British Journal of Photography
5 October 2005

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Walter Wolfgang wasn’t the only Labour Party conference visitor to make an unexpected exit last week. Diane Smyth tells why photographers staged their own walkout

Accredited photographers at last week’s Labour Party conference were forced to take direct action to ensure that all 47 got access to the floor during the Prime Minister’s speech.

The photographers, most of whom had applied for accreditation months before the conference, were told four hours before the speech that only 30 floor passes would be handed out for Tony Blair’s slot, and no access would be given to the balcony in the conference room. The photographers were invited to put their names on a list in the pressroom, but when the passes were handed out they found that the 17 excluded were freelancers and local press photographers.

‘When I went up to get my pass, I was told, “if you’re name’s not on the list, you’re not getting in”,’ Richard Pohle told BJP. ‘Then when I said I was with The Times, I was told that we would only get one (between two photographers). It kept changing and changing, until eventually they would only let the big publications in and people working on papers like the Brighton Argus were left out.’

Unhappy with what they saw as this unfair distribution of passes, the photographers decided to refuse to take any photographs at all unless everyone got passes. Getty Images staffer Peter Macdiarmid went into the conference hall to get the photographers then shooting Home Secretary Charles Clarke’s speech, and the mass walk-out that ensued forced a meeting between the photographers, the Labour Party press office and the conference floor manager.

‘All the photographers came out of the back of the conference centre and we were saying that we would all put our cameras on the floor together and have a photograph of us with our cameras down,’ says Daily Telegraph photographer Eddie Mulholland. ‘Then a press officer came out and said, “Okay, everyone can have access to the floor and balcony”.’

‘Negotiating was getting us nowhere so all the photographers got together,’ says Macdiarmid. ‘It was amazing to see everyone stick together. It doesn’t always happen, but everyone was quite happy with the situation.’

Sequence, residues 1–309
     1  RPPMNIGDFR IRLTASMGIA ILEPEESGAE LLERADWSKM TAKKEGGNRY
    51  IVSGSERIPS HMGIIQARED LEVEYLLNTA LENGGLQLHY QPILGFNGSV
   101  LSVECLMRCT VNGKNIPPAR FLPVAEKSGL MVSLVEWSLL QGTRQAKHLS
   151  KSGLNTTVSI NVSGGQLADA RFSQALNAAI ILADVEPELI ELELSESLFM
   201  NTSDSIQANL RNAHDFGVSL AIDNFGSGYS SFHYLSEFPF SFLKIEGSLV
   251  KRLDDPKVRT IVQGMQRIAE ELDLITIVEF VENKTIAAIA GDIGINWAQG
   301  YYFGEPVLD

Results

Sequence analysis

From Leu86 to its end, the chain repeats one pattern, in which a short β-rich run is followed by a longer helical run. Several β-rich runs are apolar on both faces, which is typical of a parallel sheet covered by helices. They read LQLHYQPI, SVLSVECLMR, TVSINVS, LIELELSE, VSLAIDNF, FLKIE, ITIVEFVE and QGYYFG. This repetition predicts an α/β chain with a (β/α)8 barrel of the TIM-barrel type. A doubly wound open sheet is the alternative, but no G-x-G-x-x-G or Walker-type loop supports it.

The photographers conceded that the floor was busy for Blair’s speech, but were not convinced by suggestions that the party press office needed to restrict passes for health and safety reasons.

‘We were all allowed on the floor to photograph Gordon Brown the day before,’ pointed out Macdiarmid. ‘There were slightly more photographers on the floor for Blair and it was tight but we managed. We’re used to working in close quarters.’

Macdiarmid added that if space were restricted, it would have been fairer to ensure that at least one photographer from each paper had a pass, instead of giving national papers all the passes they wanted at the expense of freelancers and local newspaper photographers. And John Toner, freelance organiser at the National Union of Journalists, put it more starkly still, stating: ‘There is no justification – if they are short on space, they need a bigger venue.

‘It’s scandalous,’ he added. ‘We will be taking the issue up with the Labour party as soon as we can. We want to ensure that this doesn’t happen again.’

BJP contacted the Labour Party conference for comment, but none was forthcoming as the magazine went to press.

– Meanwhile, outside the conference, police officers stopped both Austin Mitchell, Labour MP and chair of the All-Party Parliamentary Photography Group, and Jeff Moore, chairman of the British Press Photographers’ Association, from taking pictures.

Mitchell’s photographs of the conference were deleted from his camera altogether, while Moore was given a stop and search notice. ‘I wasn’t actually trying to take any photographs, I was just standing outside the conference centre with my camera,’ says Moore. ‘A police officer came up to me and said: “You’re not allowed to take any pictures here. Tony Blair doesn’t like pictures being taken of the conference in progress or of the Grand Hotel.” ‘I replied: “Oh really, which law is that under?” She didn’t admit she was wrong, and she eventually gave me a stop and search form, giving her grounds for interview as “taking photographs of the conference” – which I wasn’t.

‘The BPPA has regular meetings with Bob Cox, the Met’s chief press officer about better press/police relations. Things were going well until 07 July, but they are now as bad as I have ever seen them.’

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